In a victory for the city’s open space activists after months of struggle, Chief Minister Devendra Fadnavis on Friday directed Municipal Commi-ssioner Ajoy Mehta to review the RG/PG policy, and ensure that all the open spaces be utilised for Mumbaikars.
Ashish Shelar emphasised in his meeting with Fadnavis, that the BMC should come up with a policy that will ensure Mumbai’s open spaces remain accessible to the common man. File pic
He also directed the civic body to acquire the 230 plots that are presently leased out to private organisations, and to stop leasing out open spaces in the future until the policy is reviewed. Activists have BJP city chief Ashish Shelar to thank as he met the CM seeking his intervention on Friday, after which Fadnavis directed the municipal commissioner.
Also read: BMC's controversial open space policy passed
The BJP received tremendous flak recently, after its corporators supported the policy along with the Shiv Sena. They were accused of allowing the policy to be passed but they maintained that they had not voted in support of it.
There were reports of infighting within the party as well, since corporators had apparently gone against the opinion of city chief Shelar, who had been vocal against the policy.
BMC chief Ajoy Mehta and CM Devendra Fadnavis
Shelar approached Fadnavis on Friday evening, requesting his intervention to put a stay on the controversial policy that was passed in the BMC general body meeting on Wednesday.
In his demands Shelar emphasised that the BMC should come up with a policy that will ensure Mumbai’s open spaces remain accessible to the common man. Shelar said he feared that the spaces would become inaccessible to citizens if they fall into private hands through the RG/PG policy.
Speaking to mid-day, Shelar said, “I met the CM for three important points. First, the previous caretaker policy was stayed haphazardly. Because of the stay, the BMC could not take back 230 plots given on adoption basis. For example, MET College has such a plot. Therefore, I demanded that these plots be taken back immediately. Besides, the policy was passed in the House the other day and needs to be referred back. Thirdly, I have already moved a private member bill in the Vidhan Sabha recently, in which I will make it mandatory for the municipal commissioner to be the caretaker of open spaces. It will be his obligatory duty to do so, and not his discretionary one.” He added, “The House has passed the bill. Once it comes into force, the open space policy may lapse anyway. The CM was very positive and has asked that the policy be reviewed. This means it can’t be implemented immediately.”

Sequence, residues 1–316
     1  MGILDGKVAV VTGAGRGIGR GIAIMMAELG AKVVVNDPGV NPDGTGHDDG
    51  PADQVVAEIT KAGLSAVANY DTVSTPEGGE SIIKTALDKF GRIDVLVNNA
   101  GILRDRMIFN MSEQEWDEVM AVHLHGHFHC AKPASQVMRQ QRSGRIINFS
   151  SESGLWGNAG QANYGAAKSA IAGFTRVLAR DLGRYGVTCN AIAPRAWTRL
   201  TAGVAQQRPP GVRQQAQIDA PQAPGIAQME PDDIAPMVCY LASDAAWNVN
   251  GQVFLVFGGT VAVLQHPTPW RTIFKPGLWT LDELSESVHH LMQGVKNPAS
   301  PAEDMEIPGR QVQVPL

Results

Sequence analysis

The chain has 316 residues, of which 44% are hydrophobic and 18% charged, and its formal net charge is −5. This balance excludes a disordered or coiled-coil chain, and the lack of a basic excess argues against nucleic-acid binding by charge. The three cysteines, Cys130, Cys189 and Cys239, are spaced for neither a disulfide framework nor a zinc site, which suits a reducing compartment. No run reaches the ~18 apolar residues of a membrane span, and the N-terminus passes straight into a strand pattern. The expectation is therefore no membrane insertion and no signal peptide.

Activists are more than glad with the news. Anandini Thakoor, activist from the H-west federation who had decided to file a PIL in court challenging the policy, said, “We are grateful that the CM has ordered the BMC to take back the 230 open spaces whose lease has expired and also not to implement the RG/PG policy, till all citizens’ concerns regarding privatisation are addressed.”
“This is a victory of democracy. The CM and his party members, Ashish Shelar and Ameet Satam, have done a fantastic job of listening to the people. All of us can celebrate,” said Shailesh Gandhi.
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